After lunch, we drove to Les Schwab.  As we arrived in the parking lot, Debbie was full of faith, wondering what my woman would look like, and I was full of doubt that my woman would even be there. Rebecca said she knew my woman was there, for Jesus had told her, and was going to use the bathroom while I looked.  Debbie went to the counter to ask about tires, and at first in the general waiting area there were only men.  And I thought, “Well, I guess I may have missed her.”

But then, in the second waiting area sat this woman, with short grey hair, glasses, and red leather shoes.  She had on a yellow jacket, which threw me at first, but I wondered if she had started out with the red vest to match her shoes and decided it was too chilly for it?  I couldn’t deny the fact that there sat a woman, the image of the one I had seen, and red leather is close to suede!

I walked past her once, hesitant, and then thought, “Brian, what can it hurt to ask?”

I sat next to her, which surprised her a bit since there were 15 other chairs in the area. She looked up from her book and I said,

“Excuse me, my name is Brian. In prayer this morning I was given a message for a woman with short grey hair and glasses sitting in the waiting area at Les Schwab.”

She looked surprised, and said, “You’re kidding me.”

“Actually not,” I responded. “And I know it sounds unusual!  But, if you don’t mind, could I ask you a question?”

“Certainly,” she said.  I liked her already.  She had clear blue eyes, a gentle smile, a clear countenance, and a bit of joy danced in her eyes.

“Are you encountering any loss?”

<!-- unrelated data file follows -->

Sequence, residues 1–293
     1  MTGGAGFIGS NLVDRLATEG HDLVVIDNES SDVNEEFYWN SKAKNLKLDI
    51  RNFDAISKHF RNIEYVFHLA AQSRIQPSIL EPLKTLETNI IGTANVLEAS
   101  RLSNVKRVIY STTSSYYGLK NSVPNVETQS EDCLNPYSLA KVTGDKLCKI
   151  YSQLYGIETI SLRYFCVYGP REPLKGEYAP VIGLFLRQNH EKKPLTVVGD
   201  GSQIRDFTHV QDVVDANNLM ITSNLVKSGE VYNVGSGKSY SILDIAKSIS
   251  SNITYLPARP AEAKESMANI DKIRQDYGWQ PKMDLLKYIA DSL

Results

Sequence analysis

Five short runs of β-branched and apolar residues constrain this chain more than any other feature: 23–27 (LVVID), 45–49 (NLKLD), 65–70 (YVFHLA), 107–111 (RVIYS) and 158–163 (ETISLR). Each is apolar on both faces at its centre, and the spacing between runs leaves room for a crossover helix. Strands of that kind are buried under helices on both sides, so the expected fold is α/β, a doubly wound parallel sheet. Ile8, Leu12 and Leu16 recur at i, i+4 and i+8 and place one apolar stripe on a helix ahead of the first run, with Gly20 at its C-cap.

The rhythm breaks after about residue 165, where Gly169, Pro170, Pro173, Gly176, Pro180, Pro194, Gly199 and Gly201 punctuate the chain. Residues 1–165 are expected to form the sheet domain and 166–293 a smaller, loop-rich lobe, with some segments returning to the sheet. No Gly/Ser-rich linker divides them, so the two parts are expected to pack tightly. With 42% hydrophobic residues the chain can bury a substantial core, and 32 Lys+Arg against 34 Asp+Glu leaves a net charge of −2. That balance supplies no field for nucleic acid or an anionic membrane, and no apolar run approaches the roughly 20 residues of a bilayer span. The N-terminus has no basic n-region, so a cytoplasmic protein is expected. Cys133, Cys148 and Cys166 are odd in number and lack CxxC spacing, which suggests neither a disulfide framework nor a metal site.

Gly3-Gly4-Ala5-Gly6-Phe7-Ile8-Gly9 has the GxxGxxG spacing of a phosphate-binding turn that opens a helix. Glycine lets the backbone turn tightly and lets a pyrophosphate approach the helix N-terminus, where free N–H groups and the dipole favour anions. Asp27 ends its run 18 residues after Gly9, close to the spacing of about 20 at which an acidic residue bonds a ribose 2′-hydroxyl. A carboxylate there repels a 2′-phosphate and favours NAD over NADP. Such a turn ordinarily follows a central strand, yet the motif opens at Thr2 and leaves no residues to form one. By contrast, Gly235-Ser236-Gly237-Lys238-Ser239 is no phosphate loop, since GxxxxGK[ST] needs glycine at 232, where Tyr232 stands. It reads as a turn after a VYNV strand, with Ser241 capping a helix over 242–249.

At my question, the joy in her eyes dimmed a moment, and she responded slowly,

“Actually, we are at this time.”  She said. “There is a situation in my family that is especially difficult.”

“Okay. This message might be for you,” I told her. “Here’s what I heard.”

I read the message I had received more than 3 hours earlier that morning:

“I know your losses are great. I am not absent but present and with you.  It is not what you think. I am at work.  Do not fear.”

Tears brimmed her eyes as she looked back at me and said, with a voice that edged on tears, “That is exactly the answer I was hoping for.”  Her heart had been touched by Jesus.

I said, “Do you know Jesus?”

She told me, “Yes. I do.”

“Well, He knows you really well and sent me to deliver this message today and worked out the details for me to get here when you were here.”

“This is just amazing. Thank you so much,” she told me.

“May I pray with you?”

“Would you, please?” she asked.

“Could I ask your name?”

“Joan,” she replied.

“It is good to meet you,” I said.  Then we prayed together.  I felt so amazed by this experience.

En route back to the church, we stopped at the Cedar Hills Mall.  Rebecca and Debbie shared for some time with a woman there, praying with her, loving on her and inviting her to an upcoming special event at the church, while I told a Bible Story to these two middle school girls hanging out at the mall.  I asked them a few questions about the story and engaged them in conversation.  They each connected with different parts of the story and applied it readily to their own lives.  I encouraged them to continue to choose Jesus in their lives as well as the character had done in the story.

When we arrived back at the church, we felt so incredibly enriched.  No matter what had been accomplished in others’ lives, and certainly much had, so much had occurred in our lives as well. What joy.

This experience underlined one thing in particular for me: every day there are people around us who need to know someone sees them.  They matter. They are loved.

Search for God’s treasures!